Lui: Once his nose slips through his clutches, our dutiful civil servant then humorously weighs his bureaucratic options for seeking assistance in his plight – whether to file an appeal with the Board of Discipline, where the Nose now works, to take an ad out in the local newspaper or turn to the police. We are immersed in the world of protocol and arcane hierarchies. It is a satire of the corrupt inefficiencies of the bureaucratic chain of command, and it's outrageously surreal.
Lei: The staging conveys very vividly the dwarfing of man by the bureaucratic and social machine. In all the interior scenes (such as the barber shop, Kovalyov's apartment and the newspaper office) the action takes place in shoebox-like sets that occupy only a very small portion of the stage. The rest of the space is filled with projections of magnified newspaper articles and fast clips bursting with of all sorts of social choral situations, from crowds marching to clerks typing and audiences watching phantom shows of their own, with a terrific set-within-the-set effect.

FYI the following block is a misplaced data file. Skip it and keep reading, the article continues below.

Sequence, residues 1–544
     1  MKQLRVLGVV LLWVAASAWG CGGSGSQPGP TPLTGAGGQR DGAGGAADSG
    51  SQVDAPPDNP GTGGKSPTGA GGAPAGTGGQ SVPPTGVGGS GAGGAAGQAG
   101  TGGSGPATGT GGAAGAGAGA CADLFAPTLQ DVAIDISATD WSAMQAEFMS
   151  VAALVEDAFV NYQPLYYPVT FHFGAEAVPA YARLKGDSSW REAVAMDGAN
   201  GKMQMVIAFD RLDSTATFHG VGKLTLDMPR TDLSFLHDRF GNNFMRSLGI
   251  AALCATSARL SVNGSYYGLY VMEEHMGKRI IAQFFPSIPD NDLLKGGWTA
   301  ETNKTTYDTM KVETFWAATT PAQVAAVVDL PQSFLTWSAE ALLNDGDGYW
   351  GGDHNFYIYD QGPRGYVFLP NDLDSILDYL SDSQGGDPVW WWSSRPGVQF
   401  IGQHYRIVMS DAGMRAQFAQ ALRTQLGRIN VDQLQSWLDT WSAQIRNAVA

Lui: It's rare to find an opera that so fully represents the social sphere in all its dynamic, overlapping layers. Shostakovich's score is bristling with frenetic energy and Kentridge brought it all to life. He gives us the crowds in the square, in the cathedral, in the park, at the newspaper office and in the police headquarters. Even poor Kovalyov's modest apartment is seething with social life as it is where scenes unfold with everyone from his live-in lackey, to the police commissioner, to a doctor living in the building who bursts in to make a house call. There is no privacy for our poor civil servant.